Though I don’t have children, I’ve long assumed that when the time comes, Santa Claus would be a part of their upbringing. I mean, it’s harmless, right? Plus, as Dale McGowan wrote in Parenting Beyond Belief, it’s kind of like training wheels for God:
By allowing our children to participate in the Santa myth and find their own way out of it through skeptical inquiry, we give them a priceless opportunity to see a mass cultural illusion first from the inside, then from the outside. A very casual line of post-Santa questioning can lead kids to recognize how completely we all can snow ourselves if the enticements are attractive enough. Such a lesson, viewed from the top of the hill after exiting a belief system under their own power, can gird kids against the best efforts of the evangelists — and far better than secondhand knowledge could ever hope to do.
Now, Sam Harris makes the case that introducing your children to Santa is harmful. Not because of the connection to religion, but because it exposes you as someone willing to lie to your kids for temporary amusement. (It’s an argument he makes in his book Lying.)
It all stems from a recent Jimmy Kimmel stunt where he asked parents to videotape themselves telling their children they ate all their Halloween candy…:
Despite my feelings of horror over the whole [Kimmel] project, a few of these kids made me laugh as well — some of them are just so adorably resilient in the face of parental injustice. However, I am convinced that anyone who takes pleasure in all this exploited cuteness is morally confused. Yes, we know that these kids will get their candy back in the end. But the kids themselves don’t know it, and the betrayal they feel is heartbreakingly genuine. This is no way to treat children.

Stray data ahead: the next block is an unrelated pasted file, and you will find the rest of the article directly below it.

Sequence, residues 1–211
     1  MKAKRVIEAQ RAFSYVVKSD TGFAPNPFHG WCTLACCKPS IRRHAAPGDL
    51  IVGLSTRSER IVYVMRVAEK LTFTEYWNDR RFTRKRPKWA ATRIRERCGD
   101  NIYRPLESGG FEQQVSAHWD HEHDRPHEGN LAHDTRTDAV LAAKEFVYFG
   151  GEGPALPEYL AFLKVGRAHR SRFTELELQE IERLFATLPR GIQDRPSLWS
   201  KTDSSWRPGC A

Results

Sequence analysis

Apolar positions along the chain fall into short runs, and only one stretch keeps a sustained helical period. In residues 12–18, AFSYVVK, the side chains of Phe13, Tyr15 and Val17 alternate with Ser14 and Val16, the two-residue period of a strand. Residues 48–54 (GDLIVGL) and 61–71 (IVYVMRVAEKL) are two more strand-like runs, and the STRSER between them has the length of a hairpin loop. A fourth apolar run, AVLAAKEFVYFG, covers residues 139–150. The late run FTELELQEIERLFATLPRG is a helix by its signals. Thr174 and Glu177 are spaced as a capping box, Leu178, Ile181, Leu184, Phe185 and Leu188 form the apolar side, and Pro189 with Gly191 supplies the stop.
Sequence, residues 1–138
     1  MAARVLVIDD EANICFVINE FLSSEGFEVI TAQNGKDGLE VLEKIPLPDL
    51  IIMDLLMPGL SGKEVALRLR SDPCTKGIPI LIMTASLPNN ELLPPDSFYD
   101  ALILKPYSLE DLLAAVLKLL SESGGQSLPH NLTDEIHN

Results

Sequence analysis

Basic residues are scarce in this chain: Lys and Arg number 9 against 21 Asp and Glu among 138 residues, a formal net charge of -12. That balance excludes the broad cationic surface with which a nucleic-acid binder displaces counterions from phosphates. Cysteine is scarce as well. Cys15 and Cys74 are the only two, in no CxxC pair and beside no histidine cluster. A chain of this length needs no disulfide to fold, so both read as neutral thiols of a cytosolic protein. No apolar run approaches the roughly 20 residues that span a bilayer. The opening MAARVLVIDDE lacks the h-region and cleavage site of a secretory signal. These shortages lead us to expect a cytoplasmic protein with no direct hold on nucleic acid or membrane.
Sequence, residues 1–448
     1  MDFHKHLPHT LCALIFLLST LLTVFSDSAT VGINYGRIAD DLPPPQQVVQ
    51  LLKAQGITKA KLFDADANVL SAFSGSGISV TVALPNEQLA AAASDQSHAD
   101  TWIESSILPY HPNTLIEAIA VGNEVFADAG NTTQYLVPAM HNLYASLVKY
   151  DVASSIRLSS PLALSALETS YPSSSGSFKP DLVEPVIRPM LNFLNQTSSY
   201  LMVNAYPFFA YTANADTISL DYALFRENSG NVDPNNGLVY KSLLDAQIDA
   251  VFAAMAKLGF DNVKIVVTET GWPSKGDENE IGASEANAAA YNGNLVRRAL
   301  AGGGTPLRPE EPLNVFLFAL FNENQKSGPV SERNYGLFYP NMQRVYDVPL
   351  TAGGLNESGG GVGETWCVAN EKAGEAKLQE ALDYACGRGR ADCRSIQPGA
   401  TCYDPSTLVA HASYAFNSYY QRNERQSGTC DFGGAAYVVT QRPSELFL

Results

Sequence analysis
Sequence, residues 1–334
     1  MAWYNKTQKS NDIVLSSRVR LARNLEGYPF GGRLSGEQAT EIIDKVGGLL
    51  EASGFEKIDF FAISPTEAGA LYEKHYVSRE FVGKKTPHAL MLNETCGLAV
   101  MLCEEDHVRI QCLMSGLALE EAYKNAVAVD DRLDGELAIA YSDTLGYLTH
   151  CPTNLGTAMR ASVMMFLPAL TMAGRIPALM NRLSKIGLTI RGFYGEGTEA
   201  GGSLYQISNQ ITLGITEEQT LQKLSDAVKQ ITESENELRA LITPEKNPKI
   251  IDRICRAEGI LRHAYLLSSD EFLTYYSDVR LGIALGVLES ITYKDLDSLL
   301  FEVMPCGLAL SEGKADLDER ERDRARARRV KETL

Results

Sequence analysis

He’s aware that people will call him a buzzkill and someone who can’t take a joke, but he stands by his claim that parents shouldn’t lie to their kids, even about things that are seemingly innocuous:
As parents, we must maintain our children’s trust — and the easiest way to lose it is by lying to them. Of course, we should communicate the truth in ways they can handle — and this often demands that we suppress details that would be confusing or needlessly disturbing. An important difference between children and (normal) adults is that children are not fully capable of conceiving of (much less looking out for) their real interests. Consequently, it might be necessary in some situations to pacify or motivate them with a lie. In my experience, however, such circumstances almost never arise.
So what does all this have to do with Santa?
Children have fantasy lives so rich and combustible that rigging them with lies is like putting a propeller on a rocket. And is the last child in class who still believes in Santa really grateful to have his first lesson in epistemology meted out by his fellow six-year-olds? If you deceive your children about Santa, you may give them a more thrilling experience of Christmas. What you probably won’t give them, however, is the sense that you would not and could not lie to them about anything else.
We live in a culture where the corrosive effect of lying is generally overlooked, and where people remain confused about the difference between truly harmless deceptions… and seemingly tiny lies that truly damage trust.
While Harris’ point makes sense, it feels like he’s taking it to an unrealistic extreme. I believed in Santa, until I didn’t, and I can’t recall ever resenting my parents for it. It didn’t feel like a lie. It felt like a game. And once I knew the secret, I couldn’t help but play along.
Unlike the Halloween candy prank, the Santa lie is all about making kids happy and delighting in their joy, not upsetting and humiliating them. While there are no doubt exceptions, I don’t know anyone who lashed out against their parents once they learned the truth about Santa. And I can’t imagine the kids in the video, as they grow up, will still resent their parents for playing the prank on them.
There’s a difference between lying to your children habitually, which would obviously be a problem, and doing it on rare occasions for a particular reason.
I’m unconvinced that “tiny lies” like these are a basis for damaged trust later in life.
(Image via Shutterstock)